- If it's your first book then set aside a couple of years before adding another year for editing, rereading, changing everything etc.
- Don't even think about getting an agent yet, because they're only interested in a final version, fully edited and pretty well ready for submission to a publisher. They're all parasites living off the hard work of us geniuses, except of course for the ones reading this who are all wonderful people, full of good sense, charity and a helping hand. Just keep writing.
- Know your genre. Understand who you're writing for and what they like to read. It also helps if you actually like the same genre. Keep the same style throughout the book, so if you're writing a murder mystery, don't suddenly turn it into a comic fantasy because it seems a good idea. You'll loose your reader.... that's if you ever finish the book, because even you won't know where it's going!
- Many editors and agents tell authors not to use, or to take out adverbs and adjectives. It's a pretty harsh rule, but it has some sense. The action, the narrative and the dialogue should mean an adverb is unnecessary, otherwise it probably means the dialogue and action aren't strong enough and need to be amplified. Adjectives? Well, I have an open mind there, and besides some of my best friends are adjectives!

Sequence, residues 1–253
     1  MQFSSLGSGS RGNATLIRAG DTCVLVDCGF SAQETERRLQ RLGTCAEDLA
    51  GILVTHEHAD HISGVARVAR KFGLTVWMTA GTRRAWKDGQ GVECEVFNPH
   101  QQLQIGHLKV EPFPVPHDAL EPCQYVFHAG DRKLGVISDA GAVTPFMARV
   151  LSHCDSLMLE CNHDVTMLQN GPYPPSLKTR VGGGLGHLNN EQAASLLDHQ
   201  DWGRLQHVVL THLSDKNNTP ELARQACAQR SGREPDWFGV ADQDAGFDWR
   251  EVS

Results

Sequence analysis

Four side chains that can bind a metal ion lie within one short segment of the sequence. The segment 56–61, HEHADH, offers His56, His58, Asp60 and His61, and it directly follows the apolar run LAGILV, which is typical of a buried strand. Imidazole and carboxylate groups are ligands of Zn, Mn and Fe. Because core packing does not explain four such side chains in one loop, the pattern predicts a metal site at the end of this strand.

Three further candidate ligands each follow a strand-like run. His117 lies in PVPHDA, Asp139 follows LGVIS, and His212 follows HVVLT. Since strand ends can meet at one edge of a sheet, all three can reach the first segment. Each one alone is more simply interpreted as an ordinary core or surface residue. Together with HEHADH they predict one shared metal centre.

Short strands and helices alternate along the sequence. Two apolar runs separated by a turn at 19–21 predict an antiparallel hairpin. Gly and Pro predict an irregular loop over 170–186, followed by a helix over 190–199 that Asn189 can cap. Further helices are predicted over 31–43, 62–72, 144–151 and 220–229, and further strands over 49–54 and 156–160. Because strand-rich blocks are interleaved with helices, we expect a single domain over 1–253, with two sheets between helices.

- Don't try to write another Harry Potter, Discworld, or copy a successful Chiclit book. Be yourself; be unique; be the first "you" rather than the new J K Rowling.
- A lot is written about environment. Many people say you should set aside the same period of time every day, in the same location for writing and allow no interruptions. That may work for some, but personally I'll write when I can and when the family allows. If I have an idea I just have to make a mental note, then I'll find the time and the place to complete it, but there may be several days when I don't write. Someone (I can't remember who, so it was probably me!) said there's no such thing as a writer's block, it's either laziness, or the wrong book you're writing! With me, I'm sure it's the right book!
- I have to admit I sit in the study on a comfy sofa with the laptop on my lap (hence the name). Initially it's very comfortable, but the recipe for disaster and the forerunner to physiotherapy for neck and shoulder pains.
- Right now the sky is blue, the temperature is around 27 degrees and looking out of the window, the patio is beckoning, so one of my last hints is that you should always keep your laptop battery fully charged.... then you indulge two passions at the same time.
A final couple of comments.
Writing a book isn't hard, but it is incredibly difficult. Writing a good book is even tougher, but you'll know it when you've done it. The feeling is one of sheer bliss... or so I'm told!
Blog on, Dudes!
Trouble with Swords, the next in the Temporal Detective Agency series is being released by Crooked Cat on 8th August. Meanwhile Leap of Faith is available on Amazon and at most good bookshops,